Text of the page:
Buried deep in rolling green countryside on a bend of the River Axe, the majestic buildings of Forde Abbey today ooze charm and contentment. It is difficult to imagine them lying abandoned for almost a century yet, after the Cistercian monastery that had occupied the site for some 400 years was closed down in 1539, that is exactly what happened. The spell was broken by a new purchaser in 1649, Edmund Prideaux, who had risen to a position of power during the Civil War. His career peaked shortly after as Attorney General to Oliver Cromwell. Prideaux's reputation was severely damaged, however, when it was revealed that his son had entertained the rebel Duke of Monmouth here in 1680, and a hefty fine for suspected sympathies after Monmouth's defeat at Sedgemoor was to cripple him financially. In his early, buoyant years at Forde, Prideaux made his own modifications to a structure that was already rather splendid, thanks to the work of a previous incumbent, the abbot Thomas Chard. The initials 'T C' may be seen on the oriel windows of the great, square entrance tower. Prideaux's priority was to make a family home, so he shortened the Great Hall, turned the chapter house into a private chapel and remodelled the monks' gallery into a saloon, among other improvements. The beautiful, garlanded plasterwork ceilings date from this time.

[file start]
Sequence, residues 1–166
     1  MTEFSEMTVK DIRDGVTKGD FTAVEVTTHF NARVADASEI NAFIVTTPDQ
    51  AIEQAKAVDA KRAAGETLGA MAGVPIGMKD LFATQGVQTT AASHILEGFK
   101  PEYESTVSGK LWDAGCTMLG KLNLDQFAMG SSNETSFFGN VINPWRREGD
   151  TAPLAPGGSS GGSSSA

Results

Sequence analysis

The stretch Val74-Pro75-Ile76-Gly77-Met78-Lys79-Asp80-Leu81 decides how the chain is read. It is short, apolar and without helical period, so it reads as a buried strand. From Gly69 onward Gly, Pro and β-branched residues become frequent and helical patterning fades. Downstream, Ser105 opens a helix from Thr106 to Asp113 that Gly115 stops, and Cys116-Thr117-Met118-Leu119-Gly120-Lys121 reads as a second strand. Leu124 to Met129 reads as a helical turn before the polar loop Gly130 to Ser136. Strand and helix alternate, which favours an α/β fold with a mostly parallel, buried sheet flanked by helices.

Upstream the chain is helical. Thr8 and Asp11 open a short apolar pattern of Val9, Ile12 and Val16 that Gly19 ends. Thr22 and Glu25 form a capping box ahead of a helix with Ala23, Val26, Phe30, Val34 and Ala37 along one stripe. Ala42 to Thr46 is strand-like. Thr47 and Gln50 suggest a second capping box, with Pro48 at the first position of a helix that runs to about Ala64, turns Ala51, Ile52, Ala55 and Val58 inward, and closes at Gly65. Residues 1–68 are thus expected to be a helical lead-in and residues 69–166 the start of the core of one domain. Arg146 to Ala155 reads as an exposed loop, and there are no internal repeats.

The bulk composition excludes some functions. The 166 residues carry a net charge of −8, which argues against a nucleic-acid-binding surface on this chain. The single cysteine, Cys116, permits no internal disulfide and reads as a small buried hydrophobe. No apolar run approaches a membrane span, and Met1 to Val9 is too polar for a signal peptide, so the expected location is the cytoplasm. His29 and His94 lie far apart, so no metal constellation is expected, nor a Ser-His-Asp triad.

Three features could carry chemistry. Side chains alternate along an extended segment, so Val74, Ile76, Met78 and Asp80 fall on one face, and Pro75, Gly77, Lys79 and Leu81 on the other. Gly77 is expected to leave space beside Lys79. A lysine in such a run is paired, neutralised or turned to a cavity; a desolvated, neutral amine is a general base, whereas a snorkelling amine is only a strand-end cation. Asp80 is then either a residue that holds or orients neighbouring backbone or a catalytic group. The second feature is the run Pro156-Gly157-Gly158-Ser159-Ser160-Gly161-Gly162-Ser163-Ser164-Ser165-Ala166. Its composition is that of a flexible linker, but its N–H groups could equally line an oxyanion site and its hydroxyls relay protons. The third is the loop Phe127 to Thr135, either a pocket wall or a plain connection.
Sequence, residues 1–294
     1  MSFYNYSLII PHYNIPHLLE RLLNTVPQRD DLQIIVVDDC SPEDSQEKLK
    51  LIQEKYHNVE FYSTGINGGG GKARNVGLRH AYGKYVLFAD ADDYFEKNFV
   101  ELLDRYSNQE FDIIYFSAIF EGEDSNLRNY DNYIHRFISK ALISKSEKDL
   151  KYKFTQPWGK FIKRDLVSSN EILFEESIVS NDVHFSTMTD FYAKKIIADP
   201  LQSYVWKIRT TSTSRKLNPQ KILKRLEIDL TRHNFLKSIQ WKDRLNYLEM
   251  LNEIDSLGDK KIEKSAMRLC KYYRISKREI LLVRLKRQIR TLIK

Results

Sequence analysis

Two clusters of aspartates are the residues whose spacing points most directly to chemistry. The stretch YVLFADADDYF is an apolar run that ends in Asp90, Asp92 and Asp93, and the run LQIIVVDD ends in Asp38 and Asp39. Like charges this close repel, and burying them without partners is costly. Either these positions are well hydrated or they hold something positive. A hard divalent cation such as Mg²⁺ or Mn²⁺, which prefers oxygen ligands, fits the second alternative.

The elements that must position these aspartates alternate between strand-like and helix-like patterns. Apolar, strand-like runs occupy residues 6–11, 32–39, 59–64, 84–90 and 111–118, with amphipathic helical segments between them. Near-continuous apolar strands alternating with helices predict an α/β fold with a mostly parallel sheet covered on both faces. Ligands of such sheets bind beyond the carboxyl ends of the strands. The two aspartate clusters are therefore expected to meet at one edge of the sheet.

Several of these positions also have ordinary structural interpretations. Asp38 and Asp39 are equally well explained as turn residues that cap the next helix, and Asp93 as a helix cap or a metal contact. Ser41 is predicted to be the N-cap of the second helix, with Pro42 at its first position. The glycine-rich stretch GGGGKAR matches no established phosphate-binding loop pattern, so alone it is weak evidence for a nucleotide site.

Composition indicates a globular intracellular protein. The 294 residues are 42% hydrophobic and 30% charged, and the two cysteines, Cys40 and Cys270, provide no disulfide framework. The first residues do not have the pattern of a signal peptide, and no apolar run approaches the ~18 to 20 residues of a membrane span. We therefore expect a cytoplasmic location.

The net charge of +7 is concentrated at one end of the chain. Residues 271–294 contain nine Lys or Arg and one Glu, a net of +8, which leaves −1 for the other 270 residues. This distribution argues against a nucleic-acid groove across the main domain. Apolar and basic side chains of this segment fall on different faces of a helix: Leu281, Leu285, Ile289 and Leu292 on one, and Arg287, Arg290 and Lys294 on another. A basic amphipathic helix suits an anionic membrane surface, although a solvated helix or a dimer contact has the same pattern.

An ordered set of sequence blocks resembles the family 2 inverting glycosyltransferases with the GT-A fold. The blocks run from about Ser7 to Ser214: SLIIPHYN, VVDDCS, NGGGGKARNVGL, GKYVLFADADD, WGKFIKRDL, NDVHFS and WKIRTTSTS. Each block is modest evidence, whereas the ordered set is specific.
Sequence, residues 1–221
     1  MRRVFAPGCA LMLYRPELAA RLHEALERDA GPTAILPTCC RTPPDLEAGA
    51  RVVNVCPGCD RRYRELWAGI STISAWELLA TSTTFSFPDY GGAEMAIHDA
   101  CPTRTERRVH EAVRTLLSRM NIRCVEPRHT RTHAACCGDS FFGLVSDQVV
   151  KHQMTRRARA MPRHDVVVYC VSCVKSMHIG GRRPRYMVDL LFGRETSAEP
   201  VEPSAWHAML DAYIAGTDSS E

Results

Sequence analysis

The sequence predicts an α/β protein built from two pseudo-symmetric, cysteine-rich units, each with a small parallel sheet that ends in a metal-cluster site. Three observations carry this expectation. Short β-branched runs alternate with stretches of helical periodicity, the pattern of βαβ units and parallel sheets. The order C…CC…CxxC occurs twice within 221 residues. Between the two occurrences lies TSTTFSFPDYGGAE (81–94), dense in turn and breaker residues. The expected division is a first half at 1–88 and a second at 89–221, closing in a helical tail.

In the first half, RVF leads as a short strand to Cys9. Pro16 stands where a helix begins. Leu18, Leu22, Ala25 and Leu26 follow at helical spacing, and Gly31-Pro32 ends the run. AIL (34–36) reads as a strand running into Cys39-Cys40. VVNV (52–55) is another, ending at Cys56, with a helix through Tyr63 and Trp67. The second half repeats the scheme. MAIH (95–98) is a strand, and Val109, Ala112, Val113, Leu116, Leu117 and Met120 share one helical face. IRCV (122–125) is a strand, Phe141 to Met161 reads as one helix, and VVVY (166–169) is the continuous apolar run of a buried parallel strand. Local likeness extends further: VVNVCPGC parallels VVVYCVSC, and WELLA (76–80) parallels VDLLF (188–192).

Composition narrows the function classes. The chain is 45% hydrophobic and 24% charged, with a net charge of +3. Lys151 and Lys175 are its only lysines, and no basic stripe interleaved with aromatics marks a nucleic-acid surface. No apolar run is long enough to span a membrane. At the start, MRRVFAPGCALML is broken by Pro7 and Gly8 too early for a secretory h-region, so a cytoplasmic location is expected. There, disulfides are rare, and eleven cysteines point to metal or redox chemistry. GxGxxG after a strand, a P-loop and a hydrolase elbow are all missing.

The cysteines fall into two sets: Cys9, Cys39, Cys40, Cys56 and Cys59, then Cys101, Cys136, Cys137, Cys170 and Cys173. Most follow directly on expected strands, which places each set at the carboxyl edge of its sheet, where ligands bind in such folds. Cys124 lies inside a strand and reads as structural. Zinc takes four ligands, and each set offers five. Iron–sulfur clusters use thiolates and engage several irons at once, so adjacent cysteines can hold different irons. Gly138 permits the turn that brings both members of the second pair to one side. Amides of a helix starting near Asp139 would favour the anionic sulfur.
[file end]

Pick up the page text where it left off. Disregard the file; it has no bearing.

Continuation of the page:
Vivid Mortlake tapestries depicting the Acts of the Apostles which hang in the saloon were an addition in the next century, presented by Queen Anne to her Secretary of War, Sir Francis Gwyn, who had come into ownership of the estate by marriage.

While the house is fascinating, it is the setting of the abbey within the gardens which is most memorable. Photos of the house invariably show the beautiful planting at the front, viewed from across the still waters of the Long Pond, with neatly clipped specimen yews and deep beds of summer flowers. It's open all year and truly a garden for all seasons, with a kitchen garden, stunning herbaceous borders, a rock garden (created from old gravel workings), a bog garden, an arboretum for autumn colour and drifts of snowdrops lining the approach in early spring. Dog owners will be pleased to hear that, providing they are kept on a short lead, dogs are actually welcome here.

What to look for

Look into St Mary's Church at Thorncombe for a sight of two splendid 15th-century brasses, memorials to Sir Thomas and Lady Joan Brook. Standing over 5ft (1.5m) high, they depict the pair in the flowing dress of the period, their feet resting on pet dogs.

Where to eat and drink

There are attractive tea rooms at Forde Abbey, but if you're looking for something more substantial, head for the Squirrel Inn at nearby Laymore. It offers real ales, imaginative and top-notch home-cooking, freshly made sandwiches and a family room. Outside there's a beer garden and a good-sized children's play area. Dogs are welcome.

While you're there

The boast of Pilsdon Pen is that, at 909ft (277m), it is the highest hill in Dorset. It lies to the south east of Thorncombe and is topped by an ancient fort. There are extensive views south over the Marshwood Vale towards Golden Cap and the sea. William Wordsworth and his sister Dorothy lived for a time at nearby Racedown, and climbed the hill regularly.